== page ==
Two senior Egyptian police officers were killed Thursday by land mines possibly rigged to explode during a search of the Sinai Peninsula's (search) rugged mountains for terror suspects linked to recent tourist resort bombings, security officials said.

Maj. Gen.Mahmoud Adel (search) and Lt. Col. Omar Abdel Moneim (search) were the highest-ranking police officers killed in Egypt since an Islamist insurgency in the mid-1990s, and the first slain since 4,000 security personnel began a sweep Sunday of the northern Sinai for suspects linked to July's Sharm el-Sheik (search) attacks and two October resort bombings.

Thursday's blasts by two land mines occurred on 5,900-foot Halal (search) mountain, some 37 miles south of the Mediterranean coastal town of el-Arish (search), the Interior Ministry said.

It did not say if the mines had been planted by suspected militants or left over from previous Arab-Israeli wars.

But at least two security officials said initial investigations indicated that fugitives hiding on the mountain had concealed the mines. The officials spoke on condition of anonymity because they were not authorized to release the information.

The first mine exploded as a bulldozer was clearing a path for two vehicles carrying Adel, Moneim and several other security personnel, said the officials. The second detonated after the officers got out of their vehicle to inspect the scene of the first blast.

The Interior Ministry said another two officers were wounded, and the security officials said the civilian bulldozer driver was also injured.

After the explosions, security forces found three pickup trucks loaded with drugs and weapons in the area and arrested five people. Officials are still trying to determine the identities of the five.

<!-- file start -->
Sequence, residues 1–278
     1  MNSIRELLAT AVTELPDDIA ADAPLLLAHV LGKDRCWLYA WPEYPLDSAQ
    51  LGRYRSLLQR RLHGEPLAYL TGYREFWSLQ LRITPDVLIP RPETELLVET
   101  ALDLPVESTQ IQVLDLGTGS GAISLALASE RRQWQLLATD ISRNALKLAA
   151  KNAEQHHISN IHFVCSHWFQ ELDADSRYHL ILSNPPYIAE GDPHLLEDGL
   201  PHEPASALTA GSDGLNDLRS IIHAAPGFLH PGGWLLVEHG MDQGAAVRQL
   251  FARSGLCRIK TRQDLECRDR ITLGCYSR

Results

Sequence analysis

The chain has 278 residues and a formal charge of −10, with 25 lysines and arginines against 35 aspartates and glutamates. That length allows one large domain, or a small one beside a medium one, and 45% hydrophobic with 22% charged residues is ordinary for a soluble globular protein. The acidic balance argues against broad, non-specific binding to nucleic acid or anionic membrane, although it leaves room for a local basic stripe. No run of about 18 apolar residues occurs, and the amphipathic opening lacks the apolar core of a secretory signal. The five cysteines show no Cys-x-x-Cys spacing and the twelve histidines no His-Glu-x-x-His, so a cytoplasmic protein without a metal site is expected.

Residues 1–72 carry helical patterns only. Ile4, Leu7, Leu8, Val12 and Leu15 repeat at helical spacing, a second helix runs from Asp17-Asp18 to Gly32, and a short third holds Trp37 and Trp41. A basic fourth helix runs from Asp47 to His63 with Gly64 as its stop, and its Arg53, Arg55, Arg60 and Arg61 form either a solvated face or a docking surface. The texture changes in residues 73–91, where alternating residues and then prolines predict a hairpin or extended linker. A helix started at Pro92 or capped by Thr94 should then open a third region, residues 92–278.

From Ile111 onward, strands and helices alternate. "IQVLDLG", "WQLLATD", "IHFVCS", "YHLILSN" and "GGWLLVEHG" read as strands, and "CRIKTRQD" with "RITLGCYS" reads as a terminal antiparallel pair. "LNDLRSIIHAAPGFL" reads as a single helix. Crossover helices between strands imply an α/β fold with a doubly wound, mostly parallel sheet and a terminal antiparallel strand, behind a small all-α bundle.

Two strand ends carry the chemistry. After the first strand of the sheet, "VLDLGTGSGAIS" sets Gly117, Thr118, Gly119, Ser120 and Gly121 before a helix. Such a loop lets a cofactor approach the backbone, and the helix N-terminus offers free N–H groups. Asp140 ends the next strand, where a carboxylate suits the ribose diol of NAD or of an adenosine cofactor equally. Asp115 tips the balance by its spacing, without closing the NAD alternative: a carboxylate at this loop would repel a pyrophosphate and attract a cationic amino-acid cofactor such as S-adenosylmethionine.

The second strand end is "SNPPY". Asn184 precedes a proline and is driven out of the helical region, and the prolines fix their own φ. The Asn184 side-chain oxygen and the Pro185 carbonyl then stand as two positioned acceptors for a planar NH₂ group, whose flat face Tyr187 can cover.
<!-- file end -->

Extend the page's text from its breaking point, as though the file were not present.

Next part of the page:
The killings were the first of Egyptian security officers in Sinai since a driver shot a policeman to death in May. In February, another police officer was killed during clashes with suspected militants connected to the Taba and Ras Shitan bombings.

Police have been scouring northern Sinai's deserts and jagged mountains and storming suspected militant strongholds for those behind the July 23 Sharm el-Sheik bombings that killed at least 64 people and the October attacks. At least 650 people have been detained since Sunday.

A key suspect thought to be among those at large is Salem Khadr el-Shenoub, who is believed to have harbored militants linked to the Taba and Ras Shitan attacks.

El-Shenoub has allegedly booby-trapped caves and valleys on and around Halal Mountain, some 37 miles south of the Mediterranean coastal town of el-Arish, said an official who spoke on condition of anonymity because he was not authorized to release the information to the media.

Many of Sinai's rugged mountains have been traditional safe havens for criminals and fugitives involved in smuggling, drug running and other illegal activities.

During the ongoing police hunt for suspected militants, the area's native Bedouin tribesmen — with their knowledge of smuggling routes and hideouts — have emerged both as key to search efforts and as suspects themselves.

With several terror suspects hailing from northern and central Sinai, some believe the area may have become a breeding ground for extremists.

But Dia'a Rashwan, an expert on Islamic groups, rejected the theory that criminals living in the mountains were cooperating with militants, as the two groups had different ideologies and interests. He said, however, that they might make exceptions and harbor militants if they have family ties.